What Benefits and Rights Do Asylum Seekers Get in Germany?
Asylum seekers represent some of the most vulnerable in our society. Having sought a place of safety in Europe, while their application for asylum protection is being processed, many need assistance with shelter, food, clothing, medicine, and the other basic essentials of life. Indeed, asylum seekers are especially susceptible to destitution and starvation (especially asylum seekers with families to feed) and are highly reliant on the goodwill provided by charitable institutions who understand their plight. One of the primary destinations for asylum seekers is Germany, who with France, Spain, and Greece, take in the lion’s share of those seeking protection. So much so, that 142,000 asylum seekers registered in Germany in 2019 representing nearly one-quarter of all those in the EU. In this article, we will outline the assistance provided by Germany to asylum seekers, in the form of benefit and rights.
The Asylum Seekers Benefits Act (AsylbLG)
The benefits provided (and the conditions which apply) to Asylum seekers in Germany are defined in the Asylbewerberleistungsgesetz (the Asylum Seekers Benefits Act), which was originally introduced in 1993. This means that those seeking refuge from conflict and oppression in their home countries can claim assistance in the form of benefits and welfare when they apply for asylum in Germany. The Act lays out who is entitled to assistance from the Government, namely, anyone applying for asylum in Germany from the time they make their application, and also provides for those who have a date for departure due to deportation. Asylum seekers whose application has been refused and who are to be deported but do not leave on the expected date of departure will only be entitled to receive basic benefits; “Until they leave the country or their deportation is carried out, they will only be granted benefits to cover their needs for food and accommodation, including heating, as well as body and health care”. An exception may be made, however, if the individual was unable to leave due to reasons outside of their control (e.g. due to COVID-19 travel restrictions).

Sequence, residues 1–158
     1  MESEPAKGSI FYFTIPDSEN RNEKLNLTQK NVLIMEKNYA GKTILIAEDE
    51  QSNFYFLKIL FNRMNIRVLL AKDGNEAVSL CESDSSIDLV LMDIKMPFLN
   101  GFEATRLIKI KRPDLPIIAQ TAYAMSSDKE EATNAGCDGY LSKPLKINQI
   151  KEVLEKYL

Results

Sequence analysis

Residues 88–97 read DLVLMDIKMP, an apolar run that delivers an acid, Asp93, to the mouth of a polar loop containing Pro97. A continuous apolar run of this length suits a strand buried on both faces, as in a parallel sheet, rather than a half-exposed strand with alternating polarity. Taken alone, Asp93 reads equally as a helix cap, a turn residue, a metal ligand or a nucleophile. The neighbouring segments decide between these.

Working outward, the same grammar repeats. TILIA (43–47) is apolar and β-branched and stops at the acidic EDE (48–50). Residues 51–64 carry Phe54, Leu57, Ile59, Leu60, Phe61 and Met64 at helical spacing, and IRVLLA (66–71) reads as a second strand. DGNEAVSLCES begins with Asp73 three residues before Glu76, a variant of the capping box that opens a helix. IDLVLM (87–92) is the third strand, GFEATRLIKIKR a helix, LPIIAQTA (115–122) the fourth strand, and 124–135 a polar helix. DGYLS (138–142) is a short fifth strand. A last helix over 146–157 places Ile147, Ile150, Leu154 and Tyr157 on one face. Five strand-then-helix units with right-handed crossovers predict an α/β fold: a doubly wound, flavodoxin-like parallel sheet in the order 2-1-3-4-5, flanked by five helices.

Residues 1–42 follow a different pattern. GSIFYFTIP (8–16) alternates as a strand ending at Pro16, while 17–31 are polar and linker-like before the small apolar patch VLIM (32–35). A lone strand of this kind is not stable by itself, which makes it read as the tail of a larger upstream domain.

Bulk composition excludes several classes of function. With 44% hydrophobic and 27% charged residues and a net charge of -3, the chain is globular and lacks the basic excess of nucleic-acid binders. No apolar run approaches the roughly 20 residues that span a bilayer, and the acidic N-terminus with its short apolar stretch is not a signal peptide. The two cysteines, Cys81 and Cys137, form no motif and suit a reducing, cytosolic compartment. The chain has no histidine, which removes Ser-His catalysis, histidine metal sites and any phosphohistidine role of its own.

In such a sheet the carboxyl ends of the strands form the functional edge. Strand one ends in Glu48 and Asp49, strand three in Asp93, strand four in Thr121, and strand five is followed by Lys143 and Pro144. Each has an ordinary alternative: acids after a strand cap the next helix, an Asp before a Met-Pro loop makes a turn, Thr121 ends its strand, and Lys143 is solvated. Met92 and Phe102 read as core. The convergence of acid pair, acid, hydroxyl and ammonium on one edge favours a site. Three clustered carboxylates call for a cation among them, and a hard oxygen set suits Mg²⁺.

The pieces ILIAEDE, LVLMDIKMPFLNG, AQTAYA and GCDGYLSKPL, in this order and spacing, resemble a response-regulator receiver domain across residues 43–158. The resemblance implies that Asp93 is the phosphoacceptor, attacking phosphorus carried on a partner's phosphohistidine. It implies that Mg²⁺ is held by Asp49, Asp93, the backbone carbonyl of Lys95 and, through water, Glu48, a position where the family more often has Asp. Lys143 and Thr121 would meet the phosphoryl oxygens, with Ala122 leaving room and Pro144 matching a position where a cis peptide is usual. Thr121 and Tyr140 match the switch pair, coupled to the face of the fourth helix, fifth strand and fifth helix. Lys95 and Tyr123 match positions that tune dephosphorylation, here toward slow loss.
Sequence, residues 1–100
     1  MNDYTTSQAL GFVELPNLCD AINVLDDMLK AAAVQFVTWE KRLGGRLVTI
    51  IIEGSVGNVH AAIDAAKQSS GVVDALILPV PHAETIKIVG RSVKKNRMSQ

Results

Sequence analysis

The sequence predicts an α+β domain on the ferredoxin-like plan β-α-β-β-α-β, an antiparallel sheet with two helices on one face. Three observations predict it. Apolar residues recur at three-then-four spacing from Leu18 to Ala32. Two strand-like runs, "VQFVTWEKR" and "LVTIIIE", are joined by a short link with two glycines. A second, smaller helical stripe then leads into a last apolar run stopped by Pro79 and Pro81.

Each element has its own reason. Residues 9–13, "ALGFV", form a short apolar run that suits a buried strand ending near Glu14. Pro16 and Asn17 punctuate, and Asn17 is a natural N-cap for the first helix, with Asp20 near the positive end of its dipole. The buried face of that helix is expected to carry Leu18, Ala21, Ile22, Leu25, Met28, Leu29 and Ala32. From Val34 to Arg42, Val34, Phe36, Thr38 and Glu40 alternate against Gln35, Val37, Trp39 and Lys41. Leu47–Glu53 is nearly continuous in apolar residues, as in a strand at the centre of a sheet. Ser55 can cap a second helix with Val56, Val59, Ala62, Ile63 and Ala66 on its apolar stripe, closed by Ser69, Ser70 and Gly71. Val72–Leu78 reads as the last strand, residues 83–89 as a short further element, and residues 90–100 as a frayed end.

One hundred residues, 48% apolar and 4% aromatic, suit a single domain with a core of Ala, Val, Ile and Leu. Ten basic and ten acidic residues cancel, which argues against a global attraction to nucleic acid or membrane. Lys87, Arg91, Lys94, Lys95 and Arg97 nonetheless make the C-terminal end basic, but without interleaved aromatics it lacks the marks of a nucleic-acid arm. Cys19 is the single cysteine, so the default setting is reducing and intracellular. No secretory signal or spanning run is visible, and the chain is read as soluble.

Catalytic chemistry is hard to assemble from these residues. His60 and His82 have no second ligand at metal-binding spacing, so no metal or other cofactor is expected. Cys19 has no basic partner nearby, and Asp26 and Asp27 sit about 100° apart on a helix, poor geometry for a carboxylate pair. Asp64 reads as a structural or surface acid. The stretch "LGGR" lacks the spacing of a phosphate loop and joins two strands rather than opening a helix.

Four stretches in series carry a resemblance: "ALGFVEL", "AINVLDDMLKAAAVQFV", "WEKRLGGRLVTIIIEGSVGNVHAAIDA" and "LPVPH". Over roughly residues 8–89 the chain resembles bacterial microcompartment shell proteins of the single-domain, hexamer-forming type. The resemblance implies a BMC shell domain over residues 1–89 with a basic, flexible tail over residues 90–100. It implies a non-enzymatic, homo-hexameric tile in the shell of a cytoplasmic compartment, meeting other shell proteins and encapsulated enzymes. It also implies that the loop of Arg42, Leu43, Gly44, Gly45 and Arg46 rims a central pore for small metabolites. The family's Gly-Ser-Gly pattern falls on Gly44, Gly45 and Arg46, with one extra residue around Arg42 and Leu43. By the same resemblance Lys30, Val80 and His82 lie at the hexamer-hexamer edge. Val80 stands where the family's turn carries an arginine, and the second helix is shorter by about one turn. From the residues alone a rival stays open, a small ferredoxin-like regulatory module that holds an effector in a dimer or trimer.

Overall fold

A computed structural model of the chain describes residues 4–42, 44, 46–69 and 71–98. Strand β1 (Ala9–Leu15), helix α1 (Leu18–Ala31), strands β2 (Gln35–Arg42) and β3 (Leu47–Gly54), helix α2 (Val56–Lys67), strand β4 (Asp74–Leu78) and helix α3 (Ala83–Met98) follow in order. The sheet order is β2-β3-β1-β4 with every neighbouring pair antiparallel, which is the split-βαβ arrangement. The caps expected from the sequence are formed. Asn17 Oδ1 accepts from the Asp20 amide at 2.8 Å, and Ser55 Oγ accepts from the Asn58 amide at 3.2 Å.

The Act was revised in 2015 to raise the level of welfare available to 90% of other social benefits, and allows asylum seekers to receive full benefits and healthcare after 15 months.
What Benefits Do Asylum Seekers Receive In Germany?
The benefit provided to a single adult asylum seeker in Germany is €354 per month. €219 of this is intended for food, rent, clothing, health, and other personal items, and €135 is "pocket money”. This amount only applies to those who are being housed outside of an accommodation centre. Those in accommodation centres only receive €135 per month.
For couples, the amount of benefits are reduced to €318 (if in an accommodation centre) and €135 (if not in an accommodation centre). Household members receive the following:
- If over 18 years: €284 or €108 (respectively)
- If aged between 14 and 17 years: €276 or €76 (respectively)
- If aged between 6 and 14 years: €242 or €83 (respectively)